This new catalogue is twice as precise and contains almost 20 times as many stars as the previous definitive reference for astrometry, the Hipparcos Catalogue.
The first catalogue of more than a billion stars from ESA’s Gaia satellite was published today – the largest all-sky survey of celestial objects to date. On its way to assembling the most detailed 3D map ever made of our Milky Way galaxy, Gaia has pinned down the precise position on the sky and the brightness of 1142 million stars.
Launched 1000 days ago, Gaia started its scientific work in July 2014. This first release is based on data collected during its first 14 months of scanning the sky, up to September 2015.
The two bright objects in the lower right of the image are the Large and Small Magellanic Clouds, two dwarf galaxies orbiting the Milky Way. Other nearby galaxies are also visible, most notably Andromeda (also known as M31), the largest galactic neighbour to the Milky Way, in the lower left of the image. Below Andromeda is its satellite, the Triangulum galaxy (M33).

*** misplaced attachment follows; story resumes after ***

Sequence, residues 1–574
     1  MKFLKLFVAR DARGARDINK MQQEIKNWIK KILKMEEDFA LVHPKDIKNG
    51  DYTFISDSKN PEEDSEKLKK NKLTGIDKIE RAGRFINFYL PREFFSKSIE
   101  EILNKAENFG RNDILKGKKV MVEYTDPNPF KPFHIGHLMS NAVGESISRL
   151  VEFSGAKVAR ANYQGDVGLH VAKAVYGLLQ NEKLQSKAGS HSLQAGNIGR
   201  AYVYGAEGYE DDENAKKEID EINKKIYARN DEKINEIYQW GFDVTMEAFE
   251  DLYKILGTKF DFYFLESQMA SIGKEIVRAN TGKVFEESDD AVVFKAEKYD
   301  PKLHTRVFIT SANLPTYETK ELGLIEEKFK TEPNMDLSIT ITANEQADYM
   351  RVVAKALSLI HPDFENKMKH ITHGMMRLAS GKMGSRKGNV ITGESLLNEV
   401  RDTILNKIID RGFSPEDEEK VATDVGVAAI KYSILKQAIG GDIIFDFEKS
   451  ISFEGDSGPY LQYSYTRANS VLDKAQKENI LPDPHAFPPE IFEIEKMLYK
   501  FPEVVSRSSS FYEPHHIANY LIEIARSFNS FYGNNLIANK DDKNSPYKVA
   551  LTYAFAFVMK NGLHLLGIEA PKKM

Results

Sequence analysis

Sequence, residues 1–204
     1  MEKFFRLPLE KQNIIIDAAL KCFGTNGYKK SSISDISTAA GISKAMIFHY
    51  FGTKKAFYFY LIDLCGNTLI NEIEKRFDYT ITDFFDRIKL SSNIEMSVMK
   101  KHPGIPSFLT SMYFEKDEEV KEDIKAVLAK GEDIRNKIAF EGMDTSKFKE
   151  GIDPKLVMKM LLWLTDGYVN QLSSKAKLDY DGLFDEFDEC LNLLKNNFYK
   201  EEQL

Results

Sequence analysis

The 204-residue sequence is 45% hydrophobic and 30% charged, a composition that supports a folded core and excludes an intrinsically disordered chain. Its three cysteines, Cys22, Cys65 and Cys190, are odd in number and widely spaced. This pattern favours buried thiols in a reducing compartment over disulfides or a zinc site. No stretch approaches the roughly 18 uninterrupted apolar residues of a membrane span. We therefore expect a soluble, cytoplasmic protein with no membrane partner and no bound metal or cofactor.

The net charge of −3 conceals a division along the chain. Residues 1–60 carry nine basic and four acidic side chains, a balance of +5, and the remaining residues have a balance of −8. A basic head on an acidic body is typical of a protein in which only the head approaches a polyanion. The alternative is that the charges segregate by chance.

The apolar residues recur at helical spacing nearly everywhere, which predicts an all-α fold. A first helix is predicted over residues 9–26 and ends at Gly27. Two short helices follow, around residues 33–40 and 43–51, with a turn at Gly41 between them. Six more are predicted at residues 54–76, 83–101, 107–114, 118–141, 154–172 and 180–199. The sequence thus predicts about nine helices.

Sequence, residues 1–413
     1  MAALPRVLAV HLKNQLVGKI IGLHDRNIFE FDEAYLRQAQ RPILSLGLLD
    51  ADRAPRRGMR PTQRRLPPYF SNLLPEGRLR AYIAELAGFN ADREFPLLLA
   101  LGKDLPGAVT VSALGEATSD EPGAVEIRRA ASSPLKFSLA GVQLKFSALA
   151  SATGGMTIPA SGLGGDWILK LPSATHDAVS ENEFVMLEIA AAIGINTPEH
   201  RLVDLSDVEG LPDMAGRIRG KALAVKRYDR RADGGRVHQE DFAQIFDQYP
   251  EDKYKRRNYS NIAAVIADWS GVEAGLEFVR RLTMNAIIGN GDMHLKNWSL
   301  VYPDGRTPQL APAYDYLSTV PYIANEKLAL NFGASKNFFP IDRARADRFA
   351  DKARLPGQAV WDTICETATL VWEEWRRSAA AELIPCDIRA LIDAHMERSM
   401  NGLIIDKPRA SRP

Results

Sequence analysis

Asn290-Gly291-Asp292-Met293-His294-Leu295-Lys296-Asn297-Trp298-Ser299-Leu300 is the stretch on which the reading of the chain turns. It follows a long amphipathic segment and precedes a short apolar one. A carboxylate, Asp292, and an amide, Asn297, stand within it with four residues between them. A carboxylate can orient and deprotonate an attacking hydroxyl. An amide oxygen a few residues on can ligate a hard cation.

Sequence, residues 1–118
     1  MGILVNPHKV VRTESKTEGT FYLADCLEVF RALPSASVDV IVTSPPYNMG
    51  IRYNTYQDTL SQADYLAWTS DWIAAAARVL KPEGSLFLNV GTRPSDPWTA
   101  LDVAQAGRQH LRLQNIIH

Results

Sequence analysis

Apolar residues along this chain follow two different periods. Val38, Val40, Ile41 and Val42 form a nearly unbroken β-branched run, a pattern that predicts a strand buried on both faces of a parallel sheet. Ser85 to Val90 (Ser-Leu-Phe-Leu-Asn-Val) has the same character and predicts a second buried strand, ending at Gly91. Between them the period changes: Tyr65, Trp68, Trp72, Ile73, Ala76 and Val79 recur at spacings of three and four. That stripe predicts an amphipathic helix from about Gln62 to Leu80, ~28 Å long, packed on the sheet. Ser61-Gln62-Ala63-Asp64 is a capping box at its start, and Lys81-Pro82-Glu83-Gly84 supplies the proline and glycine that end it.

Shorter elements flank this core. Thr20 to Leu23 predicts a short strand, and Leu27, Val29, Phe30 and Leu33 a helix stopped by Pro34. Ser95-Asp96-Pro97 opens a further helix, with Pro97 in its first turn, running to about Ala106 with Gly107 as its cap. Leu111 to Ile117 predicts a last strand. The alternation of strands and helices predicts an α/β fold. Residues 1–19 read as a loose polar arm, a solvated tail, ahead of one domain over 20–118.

Transforming the raw information into useful and reliable stellar positions to a level of accuracy never possible before is an extremely complex procedure, entrusted to a pan-European collaboration of about 450 scientists and software engineers: the Gaia Data Processing and Analysis Consortium, or DPAC.
The stripes and other artefacts in the image reflect how Gaia scans the sky, and will gradually fade as more scans are made during the five-year mission. [You will see this clearly if you download the hi-rez version which is only 5Mb.]
I wish I was smart enough to say something smart about this. Pretty amazing. So very different in texture and one assumes application than the luscious pictures from Hubble that we know and love. Obviously, a very different set of technologies since they plan to continuously update the map over the next five years. Remarkable.
As for what it has to do with drones. Nada. Zip. Zilch. But it’s good for your brain and your spirit. Which should be enough.